Saints and Librarians

Today’s pop quiz: Who is the patron saint of librarians?

Answer:  St. Jerome.  And his feast day is this Wednesday, September 30th.

St. Jerome in the stained glass at Grace Cathedral in San Francisco
St. Jerome in the stained glass at Grace Cathedral in San Francisco

Who was he? Jerome was born around 347 and died in 420. He was a priest, a noted scholar, historian, and translator. He wrote an important Latin translation of the bible (the “Vulgate”) and many bible commentaries. Here at Gleeson Library, we have many books by and about Jerome and the world he lived in. Other librarians have also written about Jerome. A retired librarian here at Gleeson wrote a series of letters about Jerome that we have added to our library’s collection. There’s even a good Wikipedia article about him.

Saint Jerome Extracting a Thorn from a Lion's Paw, Digital image courtesy of the Getty's Open Content Program.
Saint Jerome Extracting a Thorn from a Lion’s Paw, Digital image courtesy of the Getty’s Open Content Program.

There is a legend about Jerome: once a lion entered his monastery and most of the monks fled in terror. Jerome stayed and realized the lion had a thorn stuck in his paw. Jerome removed the thorn and the lion stayed with him gratefully for many years. Because of this legend, in art Jerome is often shown with a lion sitting at his feet. Personally I love this story as a librarian because it reminds me that often people come to librarians with a need but they can’t articulate exactly what they want and librarians help them figure out what they need. And hopefully they don’t roar at us while we help them.

So why does St. Jerome matter today? When the Church made Jerome a patron saint for libraries, it was saying that information and libraries are important. Libraries are a way to transmit knowledge from generation to generation and to help people discover new ways of thinking. We live in an age now where large corporations are gathering information all the time. We all use Google, Apple, Facebook, but keep in mind they are private businesses. Their goal is to make a profit. Libraries and librarians view information differently, not as something to get profits from but instead something that all of us can use to change the world from here.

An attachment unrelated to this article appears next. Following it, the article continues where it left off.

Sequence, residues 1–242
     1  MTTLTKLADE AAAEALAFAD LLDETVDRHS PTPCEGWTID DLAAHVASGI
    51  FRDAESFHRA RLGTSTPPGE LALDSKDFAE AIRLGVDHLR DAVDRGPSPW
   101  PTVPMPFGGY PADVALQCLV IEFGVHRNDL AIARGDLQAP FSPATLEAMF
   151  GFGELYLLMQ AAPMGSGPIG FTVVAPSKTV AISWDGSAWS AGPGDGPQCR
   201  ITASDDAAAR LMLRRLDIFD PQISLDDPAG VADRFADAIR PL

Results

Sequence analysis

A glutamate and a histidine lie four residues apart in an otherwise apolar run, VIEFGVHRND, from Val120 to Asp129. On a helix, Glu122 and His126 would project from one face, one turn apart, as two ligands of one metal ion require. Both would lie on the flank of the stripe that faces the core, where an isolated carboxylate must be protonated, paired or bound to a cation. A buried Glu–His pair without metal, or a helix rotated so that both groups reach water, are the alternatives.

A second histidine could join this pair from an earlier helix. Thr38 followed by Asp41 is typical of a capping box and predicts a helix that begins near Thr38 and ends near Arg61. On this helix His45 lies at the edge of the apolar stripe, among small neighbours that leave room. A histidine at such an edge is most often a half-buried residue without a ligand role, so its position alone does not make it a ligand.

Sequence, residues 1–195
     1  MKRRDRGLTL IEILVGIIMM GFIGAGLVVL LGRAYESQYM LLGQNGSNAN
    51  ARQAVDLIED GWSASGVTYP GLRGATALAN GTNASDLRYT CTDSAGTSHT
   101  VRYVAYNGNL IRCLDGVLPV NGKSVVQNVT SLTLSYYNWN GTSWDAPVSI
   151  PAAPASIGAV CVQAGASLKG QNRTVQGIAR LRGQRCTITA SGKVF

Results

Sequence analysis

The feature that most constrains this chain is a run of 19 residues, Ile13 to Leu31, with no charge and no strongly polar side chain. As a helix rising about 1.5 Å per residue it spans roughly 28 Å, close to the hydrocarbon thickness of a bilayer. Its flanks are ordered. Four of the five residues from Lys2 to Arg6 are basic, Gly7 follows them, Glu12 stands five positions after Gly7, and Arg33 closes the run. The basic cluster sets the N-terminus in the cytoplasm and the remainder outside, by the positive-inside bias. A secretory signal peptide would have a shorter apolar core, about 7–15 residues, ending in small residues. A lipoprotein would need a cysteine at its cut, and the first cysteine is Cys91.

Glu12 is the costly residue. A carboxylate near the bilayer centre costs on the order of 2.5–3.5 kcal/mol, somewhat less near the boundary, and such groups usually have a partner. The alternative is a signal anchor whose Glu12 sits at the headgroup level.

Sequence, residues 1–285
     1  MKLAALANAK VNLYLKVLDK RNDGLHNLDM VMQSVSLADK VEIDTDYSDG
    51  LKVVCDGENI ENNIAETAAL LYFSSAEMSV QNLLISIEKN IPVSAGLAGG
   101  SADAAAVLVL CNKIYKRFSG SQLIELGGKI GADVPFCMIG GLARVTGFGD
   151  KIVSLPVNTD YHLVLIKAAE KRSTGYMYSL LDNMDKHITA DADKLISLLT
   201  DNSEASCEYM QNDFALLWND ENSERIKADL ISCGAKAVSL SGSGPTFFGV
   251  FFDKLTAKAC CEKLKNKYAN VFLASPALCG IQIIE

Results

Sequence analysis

So as you think about St. Jerome, think about the roles of libraries in our information age. The American Library Association has created a list of core values for librarians, including things like access, privacy, diversity, social responsibility, and the public good. As librarians, we see these values as important when we think about information and knowledge. Libraries are not trying to get you to buy something, think a certain way, or vote for someone, we are trying to inform you, educate you, and help you make choices in your lives. In his lifetime, Jerome often waged intellectual battles with people he disagreed with, but his love of scholarship and belief that we can all appreciate truth makes him a good patron saint for librarians.

Enjoy St. Jerome’s Day!

One thought on “Saints and Librarians”

  1. Love this post. St. Jerome’s contribution to the early development of manuscripts (hand written codices) is very significant as well. I’ve been studying medieval manuscripts, specifically paleography (the study of the scripts and writing systems), and St. Jerome is supposed to have blasted Uncial script by saying, “There are people who want old books, either in purple-coloured parchment with gold and silver letters, either in uncial, as it is vulgarly said; which are more burden than codices.” He may have been irritated with Roman Capital or Rustic Roman instead of Uncial (they are all majuscule scripts, in other words scripts that look like upper case letters), but in any case he was mostly pointing out how much space they waste. (More info here: http://calligraphy-expo.com/eng/aboutcalligraphy/writing/fromthedepthofages.aspx?ItemID=1413) In any case, he seems to have been a feisty dude and I like to consider librarians feisty as well… in the good, freedom-of-information way 🙂

Leave a Reply

Fill in your details below or click an icon to log in:

WordPress.com Logo

You are commenting using your WordPress.com account. Log Out / Change )

Twitter picture

You are commenting using your Twitter account. Log Out / Change )

Facebook photo

You are commenting using your Facebook account. Log Out / Change )

Google+ photo

You are commenting using your Google+ account. Log Out / Change )

Connecting to %s